But the sequence of amino acids that make up the protein chains in these orthologs can vary significantly. Sometimes the extent of sequence identity between two orthologs can be as low as 25-30%, and yet their folds remain strikingly similar, attesting to the robustness of function to evolutionary change.
Professor Bell, soft-spoken and erudite, was “not confrontational by nature,” he wrote. But he attacked both conservative and liberal beliefs. In 1992, he told The New York Times that black Americans were more subjugated than at any time since slavery. And he wrote that in light of the often violent struggle that resulted from the Supreme Court’s 1954 desegregation decision, Brown v. Board of Education, things might have worked out better if the court had instead ordered that both races be provided with truly equivalent schools.
He was a pioneer of critical race theory — a body of legal scholarship that explored how racism is embedded in laws and legal institutions, even many of those intended to redress past injustices. His 1973 book, “Race, Racism and American Law,” became a staple in law schools and is now in its sixth edition.
Mr. Bell “set the agenda in many ways for scholarship on race in the academy, not just the legal academy,” said Lani Guinier, the first black woman hired to join the Harvard Law School’s tenured faculty, in an interview on Wednesday.
At a rally while a student at Harvard Law School, Barack Obama compared Professor Bell to the civil rights hero Rosa Parks.
Professor Bell’s core beliefs included what he called “the interest convergence dilemma” — the idea that whites would not support efforts to improve the position of blacks unless it was in their interest. Asked how the status of blacks could be improved, he said he generally supported civil rights litigation, but cautioned that even favorable rulings would probably yield disappointing results and that it was best to be prepared for that.
Fellowship of Poets examines the idea of poetry as a moral force in history, embodied in relationships both hierarchical—between poet and reader, teacher and student—and fraternal. For these particular poets, who met when Miłosz was in his 60s and Brodsky in his 30s, the friendship seems to have run a precarious course between mentorship and rivalry, and some of Grudzinska Gross’s most penetrating—and wittiest—insights pertain to how the two negotiated the balance of power between them.
Against the Western habit of placing Eastern European poets on the same page politically (for the simple reason that this is where anthologies place them), there is a revelatory account of Miłosz and Brodsky’s tête-à-tête at a literary conference in Lisbon in 1988, one of the few occasions when the two were publicly at odds. Miłosz accused Brodsky of supporting the principle of divide et impera—“divide and rule”—in denying the reality of Central Europe as a region unified by its subjugation to Moscow. Brodsky protested rather unconvincingly, disarmed by Miłosz’s repeated insistence that this was a disagreement between friends. Grudzinska Gross gives a valuable and subtle commentary on the shades of irony at play in Brodsky’s own use of the word “imperium,” claiming that he learned the stance of the empire’s cynical observer from Alexander Pushkin, Russia’s most famous Romantic poet. Like Pushkin, Brodsky tended to make the figure of the tyrant, rather than the fact of empire, the object of his scorn, continuing to take pride in the grand scale of the Soviet Union and its history while adopting an ostensibly apolitical attitude. “Freedom,” he writes in a poem that carries that title, “is when you forget the spelling of the tyrant’s name.” It is difficult to imagine Miłosz, or any Pole before Zagajewski, writing that line.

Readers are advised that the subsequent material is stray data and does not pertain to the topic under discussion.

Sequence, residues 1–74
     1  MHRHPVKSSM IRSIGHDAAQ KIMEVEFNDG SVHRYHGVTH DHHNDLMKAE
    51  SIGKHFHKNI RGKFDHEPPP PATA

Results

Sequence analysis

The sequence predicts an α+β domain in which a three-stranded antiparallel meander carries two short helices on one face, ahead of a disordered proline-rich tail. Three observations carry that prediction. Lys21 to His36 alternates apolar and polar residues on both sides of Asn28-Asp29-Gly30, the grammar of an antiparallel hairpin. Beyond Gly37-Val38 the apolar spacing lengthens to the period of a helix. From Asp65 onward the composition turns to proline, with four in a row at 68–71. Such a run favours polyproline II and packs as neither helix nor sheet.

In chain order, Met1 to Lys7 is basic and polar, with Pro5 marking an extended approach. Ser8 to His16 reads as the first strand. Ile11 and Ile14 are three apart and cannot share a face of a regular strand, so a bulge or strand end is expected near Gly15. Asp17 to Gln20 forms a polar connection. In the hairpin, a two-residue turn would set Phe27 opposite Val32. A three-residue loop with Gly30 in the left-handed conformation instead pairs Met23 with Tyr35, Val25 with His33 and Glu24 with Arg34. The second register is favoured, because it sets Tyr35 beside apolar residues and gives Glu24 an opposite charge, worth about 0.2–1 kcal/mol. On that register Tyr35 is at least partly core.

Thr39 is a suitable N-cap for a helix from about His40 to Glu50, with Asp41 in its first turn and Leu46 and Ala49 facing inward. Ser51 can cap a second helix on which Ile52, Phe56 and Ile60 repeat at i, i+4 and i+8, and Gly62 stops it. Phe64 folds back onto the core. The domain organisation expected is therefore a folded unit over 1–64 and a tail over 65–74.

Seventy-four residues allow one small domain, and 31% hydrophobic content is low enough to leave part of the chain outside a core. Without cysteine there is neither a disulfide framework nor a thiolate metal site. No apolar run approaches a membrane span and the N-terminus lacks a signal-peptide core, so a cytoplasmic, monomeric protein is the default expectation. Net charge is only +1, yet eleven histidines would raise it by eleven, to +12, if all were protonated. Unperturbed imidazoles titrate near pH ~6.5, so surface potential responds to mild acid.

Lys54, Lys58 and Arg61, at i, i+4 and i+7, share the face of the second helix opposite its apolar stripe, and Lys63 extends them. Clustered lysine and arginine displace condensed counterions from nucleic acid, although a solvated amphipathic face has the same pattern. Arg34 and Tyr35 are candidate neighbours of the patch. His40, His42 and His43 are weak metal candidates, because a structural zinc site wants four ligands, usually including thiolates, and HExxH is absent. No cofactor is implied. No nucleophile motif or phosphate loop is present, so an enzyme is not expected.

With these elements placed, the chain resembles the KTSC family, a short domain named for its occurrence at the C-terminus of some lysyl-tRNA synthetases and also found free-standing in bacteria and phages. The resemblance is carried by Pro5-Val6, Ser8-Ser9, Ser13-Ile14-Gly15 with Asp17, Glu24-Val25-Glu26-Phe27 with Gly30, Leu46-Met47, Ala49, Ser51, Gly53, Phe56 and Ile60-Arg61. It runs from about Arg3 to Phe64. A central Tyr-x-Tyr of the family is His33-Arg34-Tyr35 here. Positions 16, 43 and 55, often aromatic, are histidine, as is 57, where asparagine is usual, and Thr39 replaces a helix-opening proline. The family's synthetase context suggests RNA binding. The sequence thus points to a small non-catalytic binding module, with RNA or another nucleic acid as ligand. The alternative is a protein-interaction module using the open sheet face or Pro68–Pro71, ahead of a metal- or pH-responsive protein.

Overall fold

The American edition’s cozy subtitle, “Fellowship of Poets,” evokes the self-congratulatory backslapping atmosphere Miłosz and Brodsky moved in during their post-Nobel years. The Polish edition has a different subtitle, “Magnetic Poles,” which would have made for an unfortunate pun in English but neatly combines the book’s two important lines of inquiry: the basis for Miłosz and Brodsky’s mutual sympathy and fascination, and the ways in which they were (and remain, at least in the living word) polar opposites.
In gray there is multiplicity. It’s the last line of this book. Lisa Pearson, who edited It Is Almost That, tells us a million things before we get to this stunning line. And when I read it (and underlined it with my Sharpie), I thought, “That’s the beginning of the book” (which it was for me, because I turned it around and began reading it differently). What I liked so much about this ending (and the explanation that immediately preceded it) is that I was tactically allowed, as a reader, to have my own experience of this book, and was told here rather than up-front exactly what went into the assembling of this creation—which is a collection of 26 image+text pieces by a slightly larger number of female artists. Some of the pieces here are collaborations, and one is in fact by a group. It’s a lot of territory, and in Lisa Pearson we’ve got an adept and unobtrusive tour guide. And guide us, she did do.
There are some who represent Hitchens as a contrarian or provocateur, without convictions. They are wrong. What sort of provocateur would write that “Bin Ladenism” is more dangerous than German Wilhelmine imperialism, the Nazi-Fascist axis and international communism? Such a patently absurd claim could only be made by one who deeply believes it to be true. Leave aside the grotesque disproportion in lumping the Kaiser’s Germany in with mid-20th-century totalitarianism. What is wholly fantastical is putting Osama Bin Laden’s gang in the same category as Nazi Germany and the Soviet Union – two extremely powerful states with vast industrial and military resources, the first coming close to conquering all of Europe, the second annexing Europe’s eastern half and the Baltic states while imposing itself throughout central Asia. In passing over these undeniable facts, Hitchens is not playing the role of intellectual gadfly. He is showing himself to be a believer who – like Trotsky – blanks out reality when it fails to accord with his faith. That Hitchens has the mind of a believer has not been sufficiently appreciated.